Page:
Just over 25 years ago, Goldwater-Nichols changed the Defense Department in both a fundamental and positive way. One of the main shifts was to empower the chairman of the Joint Chiefs in two ways: (1) By expanding his staff into a large "Joint Staff" that reports directly to him; and (2) identifying the chairman as the president's senior military advisor. Over the last several decades, the newly powerful position of chairman has helped elevate the role of professional military advice to the president, while not compromising the secretary of defense's civilian authority. The history of this aspect of the Goldwater-Nichols legislation can apply to USAID in several ways: (1) It can help formally elevate the role of development; (2) it can help preserve the secretary of state's authority in foreign assistance; and (3) it improves the nature of development assistance advice to the president. An elevated status would assuredly achieve a more efficient use of development assistance resources and enhance their effectiveness.

USAID is undertaking a potent reform agenda, analogous to an internal "Goldwater-Nichols-light" to forge a more modern development enterprise. This change is as conscious and as basic a transformation in its 50-year history, and it is desirable for the USG to build on this framework through a persistent invitation for increased interagency engagement at the highest levels.

During this administration, USAID's participation in senior-level NSS meetings has dramatically increased. While data are not readily available to compare across administrations, there has been a definite uptick in participation from previous years. This demonstrates a need on behalf of senior NSS leadership to hear from USAID, but also suggests USAID's contributions warrant continued participation. Having resident development expertise on the NSS only helps to better lead through civilian power, especially in issues that contribute to an imbalance in defense representation.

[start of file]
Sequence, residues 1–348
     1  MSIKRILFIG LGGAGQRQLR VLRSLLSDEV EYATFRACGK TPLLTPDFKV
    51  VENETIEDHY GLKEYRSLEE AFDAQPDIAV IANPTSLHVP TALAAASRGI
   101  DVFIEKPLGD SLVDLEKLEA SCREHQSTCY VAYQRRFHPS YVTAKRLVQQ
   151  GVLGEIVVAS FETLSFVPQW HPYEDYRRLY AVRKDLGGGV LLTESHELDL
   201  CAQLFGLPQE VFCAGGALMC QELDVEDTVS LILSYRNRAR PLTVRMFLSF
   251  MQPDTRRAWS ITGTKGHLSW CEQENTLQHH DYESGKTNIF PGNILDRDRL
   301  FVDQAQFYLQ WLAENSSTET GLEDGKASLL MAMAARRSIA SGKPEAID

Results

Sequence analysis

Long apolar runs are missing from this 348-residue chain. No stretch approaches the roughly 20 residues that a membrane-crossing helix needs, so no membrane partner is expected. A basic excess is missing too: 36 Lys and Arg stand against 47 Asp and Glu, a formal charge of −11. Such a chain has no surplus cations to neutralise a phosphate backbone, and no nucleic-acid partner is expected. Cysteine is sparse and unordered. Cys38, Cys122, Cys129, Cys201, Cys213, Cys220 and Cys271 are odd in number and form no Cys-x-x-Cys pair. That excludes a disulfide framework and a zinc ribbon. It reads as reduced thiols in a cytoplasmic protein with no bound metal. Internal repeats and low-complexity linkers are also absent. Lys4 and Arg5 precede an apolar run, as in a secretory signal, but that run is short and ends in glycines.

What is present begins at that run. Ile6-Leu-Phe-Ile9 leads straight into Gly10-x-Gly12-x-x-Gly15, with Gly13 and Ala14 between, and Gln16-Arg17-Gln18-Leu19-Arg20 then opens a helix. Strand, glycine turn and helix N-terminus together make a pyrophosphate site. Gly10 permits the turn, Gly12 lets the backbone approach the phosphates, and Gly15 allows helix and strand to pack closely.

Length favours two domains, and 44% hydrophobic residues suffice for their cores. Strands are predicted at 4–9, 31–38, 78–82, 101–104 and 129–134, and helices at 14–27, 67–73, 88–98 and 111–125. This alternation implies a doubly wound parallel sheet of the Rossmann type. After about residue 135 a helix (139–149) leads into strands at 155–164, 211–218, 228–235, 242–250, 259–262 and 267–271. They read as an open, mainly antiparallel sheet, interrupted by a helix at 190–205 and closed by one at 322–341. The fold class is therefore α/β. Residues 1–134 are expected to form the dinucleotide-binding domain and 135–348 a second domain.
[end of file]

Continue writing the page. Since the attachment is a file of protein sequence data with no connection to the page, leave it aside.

USAID should take internal steps to reinforce its relevance and further professionalize its engagement in the national security apparatus. However, as in Goldwater-Nichols, where the ramifications for the professionalization of the Joint Staff were extreme, USAID is already fully-capable of the increased level of responsibility. There is no longer a dichotomy within USAID between those focused on altruistic development and assistance and those who understand the necessity, practicality, and Hill-emphasized need for more targeted work to support national security objectives.

Indeed, the development portfolio is now facing critical challenges and is at significantly increased risk given growing fiscal constraints. Despite being elevated by the Global Development Policy to be on par with defense and diplomacy, elements of any effort by the agency to demonstrate true relevancy in national security must include improved and sustained engagement in the NSS. This inherently makes the case USAID's activities are considered in the national interest. Elevation of the administrator as a permanent member on the NSC provides an additional forcing function on the broader USG to recognize this point. At a minimum, the USAID administrator should be elevated and maintain his presence at the principals' committee level beyond an "informal member as appropriate."

Major Jaron S. Wharton is an active-duty infantry officer in the U.S. Army who served in Afghanistan (2002 and 2010) and in Iraq (2003-06). He previously served as a White House Fellow at USAID. The views expressed in this article are his own and do not reflect the official policy or positions of the U.S. Government.